US, Soviets Turn Summit Snags to Progress

Trade pact between superpowers sets the framework for a new economic and political relationship; signals desire for stability

IF the arms-control accords signed in Washington on Friday represent old business from the age of confrontation and containment, the trade agreement signed the same day sets the framework for a new, different era. ``It's really the first step into the new relationship,'' says Jim Montgomery, former assistant secretary of state and now executive director of East-West Forum, a Washington thinktank.

``It is perhaps only symbolic economically, but politically it is extremely important,'' says Stanislav Shatalin, a member of the Soviet President's Council and a top-ranking economic adviser.

The trade pact is among the prizes Mr. Gorbachev carries with him back to the Soviet Union today - after his brief stopovers in Minneapolis and San Francisco.

Once it runs its legislative course, the measure will cut tariffs on Soviet goods by 80 to 90 percent, define property rights, establish channels for repatriating ruble profits and settling international disputes, and otherwise help normalize commerce.

Just hours before the agreement was signed on Friday, it looked increasingly unlikely to emerge from political discord between the two countries over Lithuanian independence.

In the end, President Bush chose his signals. Instead of a signal of concern over Lithuania, he decided on a signal that US-Soviet relations would move forward into the post-containment era.

He handed Gorbachev what appeared to be the top two Soviet priorities at this summit - the outline of a strategic weapons treaty and a trade agreement.

The top American priorities - conventional arms cutbacks in Europe, Soviet acceptance of a united Germany's membership in NATO - little visible progress.

Gorbachev has been quite conscious of the Soviet Union's relative weakness at this summit. Without acknowledging it directly, he has warned the US repeatedly not to try to take advantage of Soviet problems, not to ``dictate'' or ``go fishing in troubled waters.''

But he made it clear that American support was important to changing the Soviet economy, and he used Soviet weakness as a prod.

``Does the United States want a Soviet Union which is weak, torn by complexes and problems and turmoil? Or do you want a dynamic Soviet state that is open to the outside world . . .?'' he asked congressional leaders during a meeting Friday morning.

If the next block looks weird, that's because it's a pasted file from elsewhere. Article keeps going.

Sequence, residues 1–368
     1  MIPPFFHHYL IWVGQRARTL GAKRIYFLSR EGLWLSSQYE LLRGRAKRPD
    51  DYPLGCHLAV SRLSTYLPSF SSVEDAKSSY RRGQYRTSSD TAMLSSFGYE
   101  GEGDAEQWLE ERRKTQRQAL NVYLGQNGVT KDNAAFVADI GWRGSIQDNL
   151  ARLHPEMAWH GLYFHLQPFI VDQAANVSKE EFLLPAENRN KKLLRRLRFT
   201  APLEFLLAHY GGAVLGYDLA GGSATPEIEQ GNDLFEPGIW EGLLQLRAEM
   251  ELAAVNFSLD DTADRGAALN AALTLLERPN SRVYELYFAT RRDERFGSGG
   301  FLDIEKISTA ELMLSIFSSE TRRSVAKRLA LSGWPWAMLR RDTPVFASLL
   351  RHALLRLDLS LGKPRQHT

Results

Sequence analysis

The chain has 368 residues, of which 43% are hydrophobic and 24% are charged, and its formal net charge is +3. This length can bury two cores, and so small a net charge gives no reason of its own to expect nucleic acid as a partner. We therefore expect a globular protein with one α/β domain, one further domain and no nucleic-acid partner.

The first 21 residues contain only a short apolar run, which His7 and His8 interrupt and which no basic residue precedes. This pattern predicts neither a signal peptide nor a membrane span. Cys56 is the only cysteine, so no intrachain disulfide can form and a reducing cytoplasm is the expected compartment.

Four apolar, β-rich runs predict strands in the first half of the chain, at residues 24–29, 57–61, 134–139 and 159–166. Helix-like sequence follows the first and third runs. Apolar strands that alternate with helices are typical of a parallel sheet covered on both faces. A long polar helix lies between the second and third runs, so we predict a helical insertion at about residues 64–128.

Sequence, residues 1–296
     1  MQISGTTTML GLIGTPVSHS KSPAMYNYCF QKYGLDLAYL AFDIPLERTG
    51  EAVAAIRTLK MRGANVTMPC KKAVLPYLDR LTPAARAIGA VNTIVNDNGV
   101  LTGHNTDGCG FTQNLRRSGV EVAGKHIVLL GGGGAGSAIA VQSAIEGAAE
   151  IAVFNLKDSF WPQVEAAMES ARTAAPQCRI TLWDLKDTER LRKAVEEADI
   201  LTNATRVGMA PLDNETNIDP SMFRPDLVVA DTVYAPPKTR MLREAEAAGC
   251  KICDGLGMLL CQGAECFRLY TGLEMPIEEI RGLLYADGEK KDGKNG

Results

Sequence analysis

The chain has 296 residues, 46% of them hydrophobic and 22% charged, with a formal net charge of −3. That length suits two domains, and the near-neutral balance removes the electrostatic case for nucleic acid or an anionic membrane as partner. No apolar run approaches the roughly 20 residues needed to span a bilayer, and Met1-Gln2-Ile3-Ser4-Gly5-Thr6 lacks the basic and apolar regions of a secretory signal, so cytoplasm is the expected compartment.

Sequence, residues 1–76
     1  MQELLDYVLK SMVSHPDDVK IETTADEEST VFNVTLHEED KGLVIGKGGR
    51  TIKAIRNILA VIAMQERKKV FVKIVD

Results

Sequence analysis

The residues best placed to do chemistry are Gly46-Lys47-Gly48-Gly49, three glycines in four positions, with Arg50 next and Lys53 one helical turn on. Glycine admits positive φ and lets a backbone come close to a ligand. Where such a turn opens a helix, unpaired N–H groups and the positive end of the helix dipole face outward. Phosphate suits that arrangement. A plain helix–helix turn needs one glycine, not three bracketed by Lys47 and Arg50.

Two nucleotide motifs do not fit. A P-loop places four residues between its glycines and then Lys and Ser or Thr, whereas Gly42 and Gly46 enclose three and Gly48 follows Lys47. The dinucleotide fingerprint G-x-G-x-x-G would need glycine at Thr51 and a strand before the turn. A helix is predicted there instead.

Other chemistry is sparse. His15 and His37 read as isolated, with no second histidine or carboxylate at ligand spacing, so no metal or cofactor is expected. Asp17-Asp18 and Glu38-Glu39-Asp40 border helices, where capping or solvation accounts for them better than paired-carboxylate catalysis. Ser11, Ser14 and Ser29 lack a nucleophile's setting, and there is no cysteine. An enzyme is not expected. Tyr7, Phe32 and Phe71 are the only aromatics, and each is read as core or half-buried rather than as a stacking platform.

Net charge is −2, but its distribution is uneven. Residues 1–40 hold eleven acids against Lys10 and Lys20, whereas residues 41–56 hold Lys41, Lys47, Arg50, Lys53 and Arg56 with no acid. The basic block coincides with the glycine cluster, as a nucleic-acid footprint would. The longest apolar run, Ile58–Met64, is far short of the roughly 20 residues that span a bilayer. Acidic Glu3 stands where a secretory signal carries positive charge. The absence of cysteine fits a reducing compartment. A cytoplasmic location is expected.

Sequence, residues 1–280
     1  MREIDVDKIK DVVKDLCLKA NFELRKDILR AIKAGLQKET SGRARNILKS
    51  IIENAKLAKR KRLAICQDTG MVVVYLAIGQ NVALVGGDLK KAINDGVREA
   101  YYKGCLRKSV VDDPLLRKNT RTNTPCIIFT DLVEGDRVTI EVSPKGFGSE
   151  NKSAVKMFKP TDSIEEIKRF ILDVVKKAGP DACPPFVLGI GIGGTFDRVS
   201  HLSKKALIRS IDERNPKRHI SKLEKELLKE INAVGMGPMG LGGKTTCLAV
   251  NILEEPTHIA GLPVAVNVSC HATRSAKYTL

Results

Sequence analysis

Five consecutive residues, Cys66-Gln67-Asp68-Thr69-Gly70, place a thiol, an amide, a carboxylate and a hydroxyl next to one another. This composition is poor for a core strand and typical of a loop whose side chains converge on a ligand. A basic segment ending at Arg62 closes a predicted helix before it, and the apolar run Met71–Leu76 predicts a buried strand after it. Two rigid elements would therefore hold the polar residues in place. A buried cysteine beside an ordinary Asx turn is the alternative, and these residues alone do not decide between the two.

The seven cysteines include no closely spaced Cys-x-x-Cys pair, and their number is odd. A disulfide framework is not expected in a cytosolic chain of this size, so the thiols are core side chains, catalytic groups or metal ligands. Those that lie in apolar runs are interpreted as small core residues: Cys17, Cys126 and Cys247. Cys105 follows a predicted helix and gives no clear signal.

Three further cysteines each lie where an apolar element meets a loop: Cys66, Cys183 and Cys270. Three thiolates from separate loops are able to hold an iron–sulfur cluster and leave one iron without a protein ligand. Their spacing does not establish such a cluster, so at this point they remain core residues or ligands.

President Bush had answered that question, in effect, a week earlier, when he said that America's chief enemy in post-Cold War Europe had become uncertainty and instability. The signing of a trade agreement is another answer that cultivates stronger ties to the West rather than isolates the Soviets.

For Gorbachev, the agreement should boost confidence in economic reforms that increasingly lack credibility.

The whole range of steps the West can take to help the Soviet Union move to a market economy - easing credit and export controls, for example - depend ``psychologically and politically'' on a US-Soviet trade agreement, Mr. Montgomery says.

The agreement is by no means a done deal, however. It must pass both houses of Congress with a majority vote.

That lays the groundwork for its most important element, most-favored-nation (MFN) tariff treatment for imports from the Soviet Union.

The president must grant MFN status, and Congress can block it with a resolution.

As with a regular bill, the President can veto and Congress can override the veto.

The obstacles to passing the agreement and winning MFN status for the Soviets have become increasingly clear.

Six months ago at the Malta summit, the trade deal appeared certain. Then Soviet pressure on Lithuania began straining superpower relations.

On May 1, the Senate voted 73 to 24 to urge Bush not to sign a trade agreement until sanctions against Lithuania were lifted and the Kremlin began negotiating Lithuanian independence.

In early May, the White House began signaling through background press briefings that Soviet pressure on Lithuania was endangering the administration's own support of the trade agreement.

For reasons that still aren't clear, the Kremlin pulled a bill to liberalize emigration from its legislative calendar just before the summit.

The emigration law is a condition of granting the Soviets MFN status.

Without the law, and with pressure still on Lithuania, the administration was not interested in signing the trade bill.

On Friday morning, congressional leaders told Gorbachev that the trade bill could not pass without some Soviet softening toward Baltic independence.

The congressmen explained that they were under political pressure from constituents on the issue.

``We're not linking trade to the Baltic problem,'' Senate Minority Leader Bob Dole (R) of Kansas explained afterward. ``We're just trying to explain the political realities.''

Nevertheless, Bush signed the bill later that day. He is likely to wait until the Soviets pass the emigration legislation, and perhaps longer, before submitting it to Capitol Hill.

The chief value of the agreement is as a major go-ahead signal for international investment in and commerce with the Soviet Union.

``MFN may bring a dollar and a quarter off the price of a bottle of vodka,'' says William Butler, a London-based lawyer retained by a Soviet economic commission, ``but the real value is the signal that the water is fine'' for foreign investors.

Ernst Winter, Vienna-based editor of a new newsletter for Soviets on North American enterprises and a former United Nations development official, says that he believes US trade will begin affecting the Soviet economy in as little as two years - even if the current Soviet leadership tries to slow it down.

``The pressure from below is enormous,'' he says.

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